The findings of the study indicated that tigers and leopards not only using the buffer zone for dispersal but also establishing their territories in buffer zone. The study recorded 29 mammalian species out of 35 listed species in Bandhavgarh. Asiatic wildcat (Felis silvestris ornata) and smooth-coated otter (Lutrogale perspicillata) were recorded for the first time in Bandhavgarh during this study.
The Wildlife Conservation Trust (WCT) recently launched a website and released a report titled "A Policy Framework for Connectivity Conservation and Smart Green Linear Infrastructure in the Central Indian and Eastern Ghats Tiger Landscape." According to Milind Pariwakam, a wildlife biologist at WCT, while several reports, studies, and guidelines aim to address the issue of mitigating the negative impacts of such linear infrastructure on natural landscapes and conserving the connectivity that they offer to small populations of endangered species of wildlife, there is a lack of timely information on whether a particular project is likely to affect corridor/s.
Pariwakam further states that this report primarily seeks to address this specific lacuna by leveraging on earlier work by other entities and presents a way forward for better planning of linear infrastructure without compromising on the connectivity needs of wildlife. The same framework with improvements can be adopted by the statutory agencies for the other three important tiger landscapes in India, namely, the Western Ghats, Shivalik-Gangetic Landscape and the North East Indian Landscape by incorporating information on the corridors and proposed projects in the respective landscapes. Work is in progress on the other three reports.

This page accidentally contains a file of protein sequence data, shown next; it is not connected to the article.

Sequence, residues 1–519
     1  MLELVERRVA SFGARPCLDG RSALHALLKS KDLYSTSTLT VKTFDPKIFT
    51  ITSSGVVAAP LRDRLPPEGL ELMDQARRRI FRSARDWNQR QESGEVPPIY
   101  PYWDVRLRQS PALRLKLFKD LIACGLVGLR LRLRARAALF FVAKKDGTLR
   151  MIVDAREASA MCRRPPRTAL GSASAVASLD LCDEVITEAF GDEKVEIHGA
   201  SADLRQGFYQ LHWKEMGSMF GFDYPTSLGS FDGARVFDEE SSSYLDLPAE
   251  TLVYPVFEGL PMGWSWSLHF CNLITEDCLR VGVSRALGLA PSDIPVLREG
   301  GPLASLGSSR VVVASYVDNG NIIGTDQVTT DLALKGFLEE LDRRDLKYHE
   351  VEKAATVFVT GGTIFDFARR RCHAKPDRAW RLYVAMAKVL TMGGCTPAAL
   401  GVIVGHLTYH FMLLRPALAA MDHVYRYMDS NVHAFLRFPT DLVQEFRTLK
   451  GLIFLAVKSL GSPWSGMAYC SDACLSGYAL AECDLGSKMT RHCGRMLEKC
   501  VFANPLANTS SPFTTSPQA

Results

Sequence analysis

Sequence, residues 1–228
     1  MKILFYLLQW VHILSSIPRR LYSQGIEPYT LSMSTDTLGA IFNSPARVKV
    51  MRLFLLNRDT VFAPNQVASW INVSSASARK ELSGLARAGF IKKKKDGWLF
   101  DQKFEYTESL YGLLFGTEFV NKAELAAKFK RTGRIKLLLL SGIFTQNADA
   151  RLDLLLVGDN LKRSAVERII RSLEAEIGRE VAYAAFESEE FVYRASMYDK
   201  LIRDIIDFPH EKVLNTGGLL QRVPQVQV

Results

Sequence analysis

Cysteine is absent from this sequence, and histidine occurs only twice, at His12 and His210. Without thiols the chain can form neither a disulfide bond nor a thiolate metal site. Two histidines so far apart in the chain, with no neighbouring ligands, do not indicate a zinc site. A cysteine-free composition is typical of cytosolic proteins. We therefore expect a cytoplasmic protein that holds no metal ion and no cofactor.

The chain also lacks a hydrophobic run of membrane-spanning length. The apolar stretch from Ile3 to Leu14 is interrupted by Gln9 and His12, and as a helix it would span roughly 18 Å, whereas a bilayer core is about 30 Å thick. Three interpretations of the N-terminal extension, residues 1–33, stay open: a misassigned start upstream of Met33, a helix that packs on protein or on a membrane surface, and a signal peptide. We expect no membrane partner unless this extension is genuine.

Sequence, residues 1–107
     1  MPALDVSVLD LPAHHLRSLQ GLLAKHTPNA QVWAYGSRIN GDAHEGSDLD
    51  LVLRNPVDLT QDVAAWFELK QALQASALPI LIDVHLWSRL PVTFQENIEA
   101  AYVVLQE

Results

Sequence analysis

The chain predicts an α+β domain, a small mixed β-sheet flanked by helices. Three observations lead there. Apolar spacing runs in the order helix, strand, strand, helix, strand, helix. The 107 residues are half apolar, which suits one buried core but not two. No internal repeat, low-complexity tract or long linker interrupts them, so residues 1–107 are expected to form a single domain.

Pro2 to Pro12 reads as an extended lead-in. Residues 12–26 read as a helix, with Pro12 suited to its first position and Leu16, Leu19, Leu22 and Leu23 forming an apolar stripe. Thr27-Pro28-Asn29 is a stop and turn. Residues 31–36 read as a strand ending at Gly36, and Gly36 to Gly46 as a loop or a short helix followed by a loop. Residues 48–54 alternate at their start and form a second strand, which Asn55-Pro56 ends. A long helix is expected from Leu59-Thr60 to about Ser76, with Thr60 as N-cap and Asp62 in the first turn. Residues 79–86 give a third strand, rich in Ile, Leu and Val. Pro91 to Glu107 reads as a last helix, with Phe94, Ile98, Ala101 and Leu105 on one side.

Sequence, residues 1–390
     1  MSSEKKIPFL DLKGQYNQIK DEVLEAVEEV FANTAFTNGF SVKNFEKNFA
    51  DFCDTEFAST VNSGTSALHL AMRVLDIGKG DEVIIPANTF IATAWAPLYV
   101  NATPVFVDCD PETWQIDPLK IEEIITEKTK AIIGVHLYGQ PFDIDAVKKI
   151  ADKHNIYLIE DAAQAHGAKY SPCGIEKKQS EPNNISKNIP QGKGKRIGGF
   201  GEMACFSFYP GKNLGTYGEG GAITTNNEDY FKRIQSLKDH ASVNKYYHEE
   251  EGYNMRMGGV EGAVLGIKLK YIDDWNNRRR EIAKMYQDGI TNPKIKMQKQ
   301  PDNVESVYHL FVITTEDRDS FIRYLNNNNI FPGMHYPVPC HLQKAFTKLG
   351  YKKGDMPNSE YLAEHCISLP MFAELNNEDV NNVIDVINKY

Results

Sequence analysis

MSc student, University of Delhi
Kanha Tiger Reserve, a popular tiger tourism destination, is a mixed forest characterised by
patches of sal, bamboo and beautiful vast grasslands. These different habitats support a large
population of ungulates - a diverse group of hoofed mammals. Ungulates like chital, chinkara, wild buffalo and many others form a major part of tiger diet. In fact, survival of large carnivores such as tigers depends directly on the prey base or the ungulate density. Understanding specific requirements of different ungulates is hence crucial for maintaining a healthy and diverse ungulate population and in turn high tiger numbers.
In a recent study, researchers from Wildlife Institute of India, Dehradun and Madhya Pradesh
Forest Department, Mandla, documented the effect of human use, season and habitat on
ungulate density in Kanha Tiger Reserve in Madhya Pradesh. Researchers walked on 200
pre-determined paths covering 1200 sq km for estimating densities of six species of ungulates
which were barasingha, barking deer, chital, gaur, sambar and wild pig for each management
area and habitat type. Kanha Tiger Reserve (KTR) contains two management areas, first is
the core area which contains no human settlement and second is the buffer zone which is a
multiple use area with human settlements and is often comparatively more disturbed. The
study considered 4 different habitat types in KTR which were grassland, pure sal forest,
miscellaneous forest and bamboo mixed forest.
The study finds that the ungulate biomass in the core area is much higher, almost 4.8 times, in the core area compared to the buffer zone. Among all ungulates studied, chital was the most abundant with higher density in the core area compared to the buffer zone. A consistent result was obtained for both gaur and sambar. Barking deer and wild pig densities showed no marked difference in the two management areas. Nilgai was the only ungulate with higher densities in the buffer zone compared to the core area whereas barasingha and chousingha had no records from the buffer zone in this study. Absence of these two rare and endangered species from the buffer zone which has moderate to heavy human disturbance and their restricted presence in the core area highlights the need to maintain intact core areas which provide critical habitats for threatened species. To put simply, ungulates don’t like humans except maybe nilgai.
Project Spotlight highlights our members' work in Central India.
|Network for Conserving Central India||